Just the name brings images of an exotic far-off land filled with mystery and scented by the aroma of clove and cardamom. For centuries Zanzibar has been a crossroads of peoples from Africa, Arabia, and India that has created its own unique cultural mélange that exists into the present. Zanzibar history is also tainted with a darker past of trade in slaves and ivory from the mainland.
Zanzibar today offers an unrivaled experience for the traveler who wants to escape back in time or just relax in the present by lounging on a sublime endless white sand beach with the warm waters of the Indian Ocean lapping at their feet.
Once the capital of the Omani Empire that spanned the Indian Ocean with trade links from the interiors of the African continent to the Arabian Peninsula and the Far East, Zanzibar’s old Stone town still retains its exotic aura with narrow winding streets chock full of small shops and hidden courtyards behind the intricately carved wooden doors for which it is known. Tucked-away shops that haven’t changed in decades mix with artisans’ studios and modern boutiques, providing surprises at every turn as you lose yourself (literally) among Stone Town’s streets and alleys.
[We always recommend the first-time visitor take a private guided tour of Stone Town upon arrival – not only to orient yourself but also to learn first-hand from a local the fascinating history of the island and see some of its more famous (and infamous) landmarks: Beit el Ajaib (“House of Wonders,” the first building in East Africa with electricity and an elevator); the Zanzibar museum; slave transit buildings; and the Livingstone House, where David Livingstone and many other European explorers stayed prior to launching their journeys into the interior.]
The local market still remains 100% authentic with fresh fish caught that morning, spices grown in the island’s interior, recordings of indigenous Taarab music, and local household items. In addition to the numerous boutiques that have sprouted with tourism is a whole cottage industry around Freddie Mercury (lead singer of the British rock band Queen), Zanzibar’s most famous son. Spend a night in one of the remodeled Stone Town mansions that evoke the ghosts of long ago with period furniture, a maze of rooms, and odd-angled balconies. Enjoy a rooftop meal made from truly locally-sourced ingredients (down to the spices) while hearing the quiet murmur of evening street sounds, when people emerge after the heat of the day and the last call to prayer echoes from the minarets.
White Sand Beaches
Zanzibar is a small island – approximately 20km at its widest point and 80 km long – so a short drive from Stone Town in any direction brings you to an exquisite tropical beach, replete with its own resort. Zanzibar boasts a plethora of beach accommodations – each one different – to meet your particular travel style. One can find secluded five star resorts (some of which are located on small private islands off of the main island); funky laid-back bungalows; hotels for the active beachgoer with snorkeling, diving, deep sea fishing, kiteboarding, kayaking, and more; romantic getaways designed for couples and honeymooners; or family-oriented spots. What you won’t find on Zanzibar are Disneyfied mega-resorts that manufacture a false tropical experience. Why would they need to? It’s all there in the original.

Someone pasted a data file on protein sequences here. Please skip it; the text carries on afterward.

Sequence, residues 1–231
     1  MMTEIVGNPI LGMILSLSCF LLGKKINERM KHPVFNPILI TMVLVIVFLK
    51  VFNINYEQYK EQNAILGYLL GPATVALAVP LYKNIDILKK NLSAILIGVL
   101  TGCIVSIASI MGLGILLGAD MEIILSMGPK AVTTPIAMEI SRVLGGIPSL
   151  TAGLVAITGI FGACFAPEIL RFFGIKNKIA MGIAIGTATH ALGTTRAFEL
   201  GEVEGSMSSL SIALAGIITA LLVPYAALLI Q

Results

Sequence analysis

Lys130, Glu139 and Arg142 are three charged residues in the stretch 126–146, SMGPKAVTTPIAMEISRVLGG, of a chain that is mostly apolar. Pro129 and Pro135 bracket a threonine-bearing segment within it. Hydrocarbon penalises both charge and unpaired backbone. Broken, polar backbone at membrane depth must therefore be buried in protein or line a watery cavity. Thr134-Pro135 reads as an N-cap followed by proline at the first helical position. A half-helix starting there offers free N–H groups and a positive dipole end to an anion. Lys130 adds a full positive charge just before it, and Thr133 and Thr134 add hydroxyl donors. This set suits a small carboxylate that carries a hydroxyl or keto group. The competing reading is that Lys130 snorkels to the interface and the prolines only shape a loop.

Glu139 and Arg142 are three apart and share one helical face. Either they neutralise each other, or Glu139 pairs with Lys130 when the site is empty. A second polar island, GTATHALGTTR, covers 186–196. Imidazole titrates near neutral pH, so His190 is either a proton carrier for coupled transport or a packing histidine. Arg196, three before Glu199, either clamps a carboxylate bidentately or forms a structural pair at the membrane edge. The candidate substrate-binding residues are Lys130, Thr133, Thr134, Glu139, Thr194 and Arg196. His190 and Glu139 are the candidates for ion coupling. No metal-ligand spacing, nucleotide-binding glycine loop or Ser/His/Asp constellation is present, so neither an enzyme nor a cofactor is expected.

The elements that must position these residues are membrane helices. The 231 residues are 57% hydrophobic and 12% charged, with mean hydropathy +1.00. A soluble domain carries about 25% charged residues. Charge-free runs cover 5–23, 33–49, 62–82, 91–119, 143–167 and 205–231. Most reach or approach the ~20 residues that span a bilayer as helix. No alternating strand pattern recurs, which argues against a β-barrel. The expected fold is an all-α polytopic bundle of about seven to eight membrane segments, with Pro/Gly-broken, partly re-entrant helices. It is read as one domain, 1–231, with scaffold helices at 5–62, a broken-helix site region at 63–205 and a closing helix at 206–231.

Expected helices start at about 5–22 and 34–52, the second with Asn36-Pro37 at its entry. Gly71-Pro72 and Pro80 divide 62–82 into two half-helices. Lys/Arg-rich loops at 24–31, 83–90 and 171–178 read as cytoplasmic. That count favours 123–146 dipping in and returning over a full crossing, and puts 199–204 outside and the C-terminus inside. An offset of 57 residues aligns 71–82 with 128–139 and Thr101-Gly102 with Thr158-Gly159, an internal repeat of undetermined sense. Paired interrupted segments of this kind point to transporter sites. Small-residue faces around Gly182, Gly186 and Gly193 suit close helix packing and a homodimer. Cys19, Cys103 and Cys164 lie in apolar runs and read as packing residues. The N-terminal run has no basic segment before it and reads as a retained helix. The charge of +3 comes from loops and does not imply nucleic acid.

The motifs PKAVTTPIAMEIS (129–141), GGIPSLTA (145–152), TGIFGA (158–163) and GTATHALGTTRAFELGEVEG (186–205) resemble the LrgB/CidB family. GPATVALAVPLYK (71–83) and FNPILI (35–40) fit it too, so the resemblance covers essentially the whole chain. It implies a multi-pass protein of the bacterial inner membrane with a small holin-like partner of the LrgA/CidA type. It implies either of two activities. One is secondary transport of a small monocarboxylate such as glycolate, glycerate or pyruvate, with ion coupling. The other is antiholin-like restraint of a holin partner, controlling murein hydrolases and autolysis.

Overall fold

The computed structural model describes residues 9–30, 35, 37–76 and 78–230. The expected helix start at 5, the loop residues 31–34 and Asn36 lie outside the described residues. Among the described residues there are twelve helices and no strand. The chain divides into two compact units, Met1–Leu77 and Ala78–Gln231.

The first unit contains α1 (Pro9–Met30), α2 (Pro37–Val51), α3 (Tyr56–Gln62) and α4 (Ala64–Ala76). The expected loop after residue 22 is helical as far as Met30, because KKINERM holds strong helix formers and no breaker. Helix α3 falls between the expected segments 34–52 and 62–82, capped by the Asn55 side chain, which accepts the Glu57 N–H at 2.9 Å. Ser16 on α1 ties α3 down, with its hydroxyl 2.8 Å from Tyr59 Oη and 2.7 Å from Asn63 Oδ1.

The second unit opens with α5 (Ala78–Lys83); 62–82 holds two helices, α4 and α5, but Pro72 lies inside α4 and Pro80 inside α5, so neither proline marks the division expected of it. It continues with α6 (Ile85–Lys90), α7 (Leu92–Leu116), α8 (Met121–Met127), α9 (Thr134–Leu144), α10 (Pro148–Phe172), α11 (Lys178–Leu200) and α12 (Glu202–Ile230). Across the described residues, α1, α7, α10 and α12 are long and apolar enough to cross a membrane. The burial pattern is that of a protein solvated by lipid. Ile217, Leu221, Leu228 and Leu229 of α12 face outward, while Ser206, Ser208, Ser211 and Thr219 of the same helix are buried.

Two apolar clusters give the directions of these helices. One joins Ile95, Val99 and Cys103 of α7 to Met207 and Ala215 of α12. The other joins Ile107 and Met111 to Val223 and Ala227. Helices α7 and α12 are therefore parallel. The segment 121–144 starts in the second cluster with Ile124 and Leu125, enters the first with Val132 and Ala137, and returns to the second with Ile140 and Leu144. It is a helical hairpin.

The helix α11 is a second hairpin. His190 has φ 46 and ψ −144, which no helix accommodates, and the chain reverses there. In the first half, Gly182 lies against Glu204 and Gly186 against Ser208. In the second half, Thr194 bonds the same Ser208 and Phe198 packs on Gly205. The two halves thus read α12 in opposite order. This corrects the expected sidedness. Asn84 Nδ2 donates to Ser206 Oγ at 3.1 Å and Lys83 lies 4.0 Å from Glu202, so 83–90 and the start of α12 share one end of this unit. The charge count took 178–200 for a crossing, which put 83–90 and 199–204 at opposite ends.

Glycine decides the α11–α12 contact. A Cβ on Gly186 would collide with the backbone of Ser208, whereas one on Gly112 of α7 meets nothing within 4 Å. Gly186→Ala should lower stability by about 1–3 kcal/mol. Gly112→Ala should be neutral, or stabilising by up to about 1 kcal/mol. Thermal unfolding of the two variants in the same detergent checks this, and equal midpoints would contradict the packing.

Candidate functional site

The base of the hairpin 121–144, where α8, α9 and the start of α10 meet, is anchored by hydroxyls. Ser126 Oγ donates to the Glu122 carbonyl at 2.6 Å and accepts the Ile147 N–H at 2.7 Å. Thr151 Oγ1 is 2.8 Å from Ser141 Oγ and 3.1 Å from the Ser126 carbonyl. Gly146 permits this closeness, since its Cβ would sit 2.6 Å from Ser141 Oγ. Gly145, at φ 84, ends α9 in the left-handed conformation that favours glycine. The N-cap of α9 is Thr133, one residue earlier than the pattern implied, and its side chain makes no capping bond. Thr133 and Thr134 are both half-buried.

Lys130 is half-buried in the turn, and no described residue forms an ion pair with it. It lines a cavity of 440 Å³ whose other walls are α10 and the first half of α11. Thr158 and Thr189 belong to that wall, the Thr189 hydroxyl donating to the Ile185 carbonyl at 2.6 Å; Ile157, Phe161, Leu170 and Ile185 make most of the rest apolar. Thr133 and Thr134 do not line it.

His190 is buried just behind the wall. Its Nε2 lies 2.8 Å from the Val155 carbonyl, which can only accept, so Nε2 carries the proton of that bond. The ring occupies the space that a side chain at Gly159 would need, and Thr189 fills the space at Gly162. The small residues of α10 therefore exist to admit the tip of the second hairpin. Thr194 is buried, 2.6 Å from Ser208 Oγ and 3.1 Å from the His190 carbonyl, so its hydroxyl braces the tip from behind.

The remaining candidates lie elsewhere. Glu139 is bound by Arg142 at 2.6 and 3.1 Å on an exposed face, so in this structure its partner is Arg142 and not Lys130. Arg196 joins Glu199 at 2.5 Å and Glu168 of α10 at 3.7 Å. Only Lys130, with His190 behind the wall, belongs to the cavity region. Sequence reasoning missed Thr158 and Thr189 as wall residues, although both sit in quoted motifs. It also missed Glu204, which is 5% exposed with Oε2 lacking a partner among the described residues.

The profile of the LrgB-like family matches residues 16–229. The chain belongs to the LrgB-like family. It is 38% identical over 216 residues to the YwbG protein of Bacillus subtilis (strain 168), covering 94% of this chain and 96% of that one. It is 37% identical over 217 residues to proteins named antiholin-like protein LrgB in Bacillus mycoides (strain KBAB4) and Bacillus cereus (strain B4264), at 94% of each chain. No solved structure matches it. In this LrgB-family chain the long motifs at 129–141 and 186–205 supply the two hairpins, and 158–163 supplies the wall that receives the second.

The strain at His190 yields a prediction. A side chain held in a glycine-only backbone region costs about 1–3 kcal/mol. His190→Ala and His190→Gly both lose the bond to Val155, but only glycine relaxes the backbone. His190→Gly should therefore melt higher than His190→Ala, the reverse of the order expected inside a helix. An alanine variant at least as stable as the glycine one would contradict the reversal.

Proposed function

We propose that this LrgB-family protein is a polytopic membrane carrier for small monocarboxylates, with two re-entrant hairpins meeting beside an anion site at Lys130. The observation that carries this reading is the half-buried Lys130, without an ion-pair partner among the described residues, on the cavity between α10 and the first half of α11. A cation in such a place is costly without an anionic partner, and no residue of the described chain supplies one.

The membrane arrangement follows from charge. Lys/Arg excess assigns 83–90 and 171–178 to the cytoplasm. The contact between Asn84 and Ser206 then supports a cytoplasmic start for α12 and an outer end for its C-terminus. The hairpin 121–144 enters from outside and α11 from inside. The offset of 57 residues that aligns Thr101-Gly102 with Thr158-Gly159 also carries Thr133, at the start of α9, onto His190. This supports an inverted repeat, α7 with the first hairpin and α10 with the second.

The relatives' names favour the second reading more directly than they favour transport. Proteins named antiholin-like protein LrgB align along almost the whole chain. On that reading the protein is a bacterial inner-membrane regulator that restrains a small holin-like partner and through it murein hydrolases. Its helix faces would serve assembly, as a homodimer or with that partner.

Don’t miss a half day Spice Tour to the interior where you can visit a working spice plantation to see, feel, smell, and taste dozens of spices – some indigenous to the islands and others brought in to take advantage of the islands ideal tropical growing climate. The tours have grown to be more accommodating to guests, but still, have their local quirks that you must experience for yourself . . . no air-conditioned mini-buses here! While on Zanzibar you will invariably see the dhows and ngalawa that ply the waters around the islands. The latter are the local boats taken out daily by fishermen following traditional practices passed down for centuries, and the former are the trading vessels that ply the Swahili coast of East Africa and farther afield to Arabia. A half or full day dhow ride is the quintessential slow travel experience in the warm and calming waters of the Indian Ocean.
Zanzibar may be the largest and most famous, but there are a whole series of islands up and down Tanzania’s Swahili Coast that shares its cultural and economic history – and for the modern traveler, the same beautiful unspoiled white sand beaches, syrupy pace of life, and warm turquoise waters brimming with coral and tropical fish. Some are just a few hundred meters off the coast of Zanzibar (technically named Unguja Island since Zanzibar is, in reality, the name of the whole archipelago) and can be visited in a day trip, but others, such as Pemba, a few kilometers to the north, and Mafia, a couple hundred kilometers to the south, are compelling alternatives to the main island for those who want a more off-the-beaten-path tropical beach experience. On these more remote islands, one finds it even easier to lose ones sense of time to the rhythm and flow of Zanzibar island life.
Photo Credits: Nathalie Pigache, Joonas Sandholm, David Strange